Classical music old & new on Boston’s fall calendar


Beethoven! Ellington! A bunch of composers you’ve never heard of!

Wonderfully, thankfully, the definition of classical music is changing. The genre can be classical (in the well, classical sense of the word) or it can be thoroughly modern, and, of course, it can be everything in between.

Take a look at these fall calendar highlights for stuff from Beethoven to Arab-Andalusian songs to something from Kennedy Center composer-in-residence Carlos Simon.

Opening Night with the Boston Symphony Orchestra

Oct. 7, Symphony Hall

The Boston Symphony Orchestra celebrates its 2023-24 season with old and new friends, expected and underappreciated repertoire. Maestro Andris Nelsons will conduct works by Beethoven and Mozart. But the BSO expands beyond European icons by welcoming jazz pianist Aaron Diehl’s trio to collaborate with the symphony on Duke Ellington’s “New World A-Coming” and “Tonk.” Between Ellington and the Europeans, the BSO reimagines traditional Southern dances in the Carlos Simon commission “Four Black American Dances.”

“Israel in Egypt”

Oct. 6 & 8, Symphony Hall

If an annual trip to see “The Messiah” doesn’t quench your thirst for Handel’s biblical oratorios, make sure to check out a Handel and Haydn Society performance of “Israel in Egypt.” For those who only know Handel for the Hallelujah chorus, the composer’s other big Bible-based work has everything “The Messiah” has — huge choruses, soaring strings, drama galore! Bonus points: This is the first program Jonathan Cohen will helm in his debut season as H&H’s artistic director.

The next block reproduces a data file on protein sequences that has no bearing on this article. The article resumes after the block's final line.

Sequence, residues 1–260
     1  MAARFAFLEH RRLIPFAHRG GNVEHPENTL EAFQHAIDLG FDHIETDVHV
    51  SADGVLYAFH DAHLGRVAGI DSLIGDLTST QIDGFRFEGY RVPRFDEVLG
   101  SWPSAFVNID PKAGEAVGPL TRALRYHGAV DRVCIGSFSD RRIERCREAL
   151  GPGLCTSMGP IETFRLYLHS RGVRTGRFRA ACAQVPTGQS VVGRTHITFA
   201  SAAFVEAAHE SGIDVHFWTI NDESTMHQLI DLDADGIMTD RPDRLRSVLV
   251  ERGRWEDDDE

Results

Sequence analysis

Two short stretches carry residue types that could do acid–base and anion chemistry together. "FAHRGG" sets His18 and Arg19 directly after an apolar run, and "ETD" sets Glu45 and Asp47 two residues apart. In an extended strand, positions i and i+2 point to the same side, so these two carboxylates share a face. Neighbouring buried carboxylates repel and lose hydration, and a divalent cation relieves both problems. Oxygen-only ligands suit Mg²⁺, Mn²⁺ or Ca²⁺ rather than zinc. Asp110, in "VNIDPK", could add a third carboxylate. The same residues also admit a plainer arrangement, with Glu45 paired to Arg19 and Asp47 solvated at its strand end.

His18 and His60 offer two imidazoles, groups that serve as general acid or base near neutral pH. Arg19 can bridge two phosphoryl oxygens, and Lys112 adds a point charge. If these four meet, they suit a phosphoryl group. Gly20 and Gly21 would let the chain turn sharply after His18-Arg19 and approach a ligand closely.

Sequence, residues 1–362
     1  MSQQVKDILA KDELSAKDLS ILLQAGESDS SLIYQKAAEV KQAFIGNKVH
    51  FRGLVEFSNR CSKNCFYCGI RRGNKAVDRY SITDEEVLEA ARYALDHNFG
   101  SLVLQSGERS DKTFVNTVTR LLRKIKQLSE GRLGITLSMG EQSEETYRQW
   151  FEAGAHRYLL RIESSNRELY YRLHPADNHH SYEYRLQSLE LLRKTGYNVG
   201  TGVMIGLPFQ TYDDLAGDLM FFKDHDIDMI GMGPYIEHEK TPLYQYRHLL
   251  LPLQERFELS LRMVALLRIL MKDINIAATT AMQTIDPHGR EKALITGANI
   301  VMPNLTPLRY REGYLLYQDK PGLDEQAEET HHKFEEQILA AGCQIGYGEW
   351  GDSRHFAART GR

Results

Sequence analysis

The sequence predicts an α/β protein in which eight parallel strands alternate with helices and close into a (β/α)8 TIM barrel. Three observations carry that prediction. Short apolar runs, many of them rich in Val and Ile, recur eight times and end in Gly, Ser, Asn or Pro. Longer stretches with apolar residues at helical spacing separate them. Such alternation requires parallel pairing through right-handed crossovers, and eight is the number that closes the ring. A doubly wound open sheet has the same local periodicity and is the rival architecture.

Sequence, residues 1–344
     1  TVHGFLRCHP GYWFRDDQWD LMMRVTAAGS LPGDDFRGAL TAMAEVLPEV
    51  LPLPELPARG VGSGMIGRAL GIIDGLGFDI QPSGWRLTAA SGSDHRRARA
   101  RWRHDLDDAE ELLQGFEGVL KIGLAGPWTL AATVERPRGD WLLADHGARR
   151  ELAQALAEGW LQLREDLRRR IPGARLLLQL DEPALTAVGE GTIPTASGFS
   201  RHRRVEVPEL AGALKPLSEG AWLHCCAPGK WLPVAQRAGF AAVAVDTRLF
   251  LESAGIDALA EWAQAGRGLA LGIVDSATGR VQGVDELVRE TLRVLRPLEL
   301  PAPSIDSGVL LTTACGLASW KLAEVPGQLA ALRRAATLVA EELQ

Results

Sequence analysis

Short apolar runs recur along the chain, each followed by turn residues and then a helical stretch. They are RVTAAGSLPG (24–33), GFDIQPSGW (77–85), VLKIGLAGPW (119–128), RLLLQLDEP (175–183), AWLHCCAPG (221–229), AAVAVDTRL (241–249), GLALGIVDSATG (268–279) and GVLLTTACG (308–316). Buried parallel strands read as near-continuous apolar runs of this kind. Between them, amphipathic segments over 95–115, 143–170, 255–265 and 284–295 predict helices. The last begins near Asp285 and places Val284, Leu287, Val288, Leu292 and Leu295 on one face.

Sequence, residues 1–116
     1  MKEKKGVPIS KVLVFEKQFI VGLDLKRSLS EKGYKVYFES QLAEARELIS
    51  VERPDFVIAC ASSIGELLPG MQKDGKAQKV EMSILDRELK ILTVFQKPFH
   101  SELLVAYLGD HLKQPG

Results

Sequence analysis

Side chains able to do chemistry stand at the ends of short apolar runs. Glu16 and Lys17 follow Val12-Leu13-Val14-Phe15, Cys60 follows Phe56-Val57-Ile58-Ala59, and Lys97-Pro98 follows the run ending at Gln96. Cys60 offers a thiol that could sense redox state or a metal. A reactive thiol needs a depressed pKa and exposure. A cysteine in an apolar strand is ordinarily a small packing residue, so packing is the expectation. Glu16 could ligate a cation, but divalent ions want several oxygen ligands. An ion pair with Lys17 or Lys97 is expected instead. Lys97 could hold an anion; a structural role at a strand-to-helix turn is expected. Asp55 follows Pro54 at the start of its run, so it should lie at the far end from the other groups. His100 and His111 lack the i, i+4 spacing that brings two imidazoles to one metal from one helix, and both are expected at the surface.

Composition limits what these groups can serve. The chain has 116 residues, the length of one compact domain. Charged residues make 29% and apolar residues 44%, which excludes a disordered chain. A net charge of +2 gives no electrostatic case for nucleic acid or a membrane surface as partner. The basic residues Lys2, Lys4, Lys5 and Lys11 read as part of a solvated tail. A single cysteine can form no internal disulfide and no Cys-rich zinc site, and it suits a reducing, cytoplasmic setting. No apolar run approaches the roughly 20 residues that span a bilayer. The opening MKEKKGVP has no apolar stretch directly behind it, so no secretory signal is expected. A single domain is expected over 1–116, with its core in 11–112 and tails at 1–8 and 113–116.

Boston Baroque celebrates 50 years

Oct. 13-15, various locations

Our city’s baroque masters go gold this year, opening their season with an all-Beethoven night. Obviously, these concerts will include “the hits” but they will come with a twist — Symphony No. 9 will be performed on period instruments, a rare treat. Rounding out the program will be the “Coriolan” Overture and “Elegiac Song”; lending a hand will be four Metropolitan opera stars including soprano Heidi Stober and mezzo-soprano Daniela Mack.


Oct. 20, Symphony Hall

The Boston Philharmonic gets its 45th season started with this diverse program featuring Rossini’s “Willam Tell” Overture, Elgar’s Violin Concerto, and Beethoven’s Symphony No. 7. Sure, go for the big names, but we’ll wager Elgar will move you just as much. Often regarded as the English composer’s masterpiece, it’s an ideal balance of virtuosity and passion, histrionic blaze and lyrical restraint.

“Peter and the Wolf”

Nov. 11, Symphony Hall

Everyone has taken a turn narrating Sergei Prokofiev’s orchestral fairy tale. And we mean everyone – Viola Davis, Alice Cooper, Kirstie Alley, David Bowie, Weird Al… With luck, Weird Al will sit this one out and let the Boston Youth Symphony Orchestra handle the piece all on its own. Family-friendly and full of visuals kids can follow along with.

“Karim Sulayman and Sean Shibe”

Nov. 14, Longy’s Edward M. Pickman Hall

So many programs claim to cover a lot of ground. Ha! Try this: Lebanese-American tenor Karim Sulayman and Scottish guitarist Sean Shibe have put together an evening of 16th- and 17th-century Italian and English works, traditional Sephardic and Arab-Andalusian songs, 20th-century and contemporary compositions, and plenty more.


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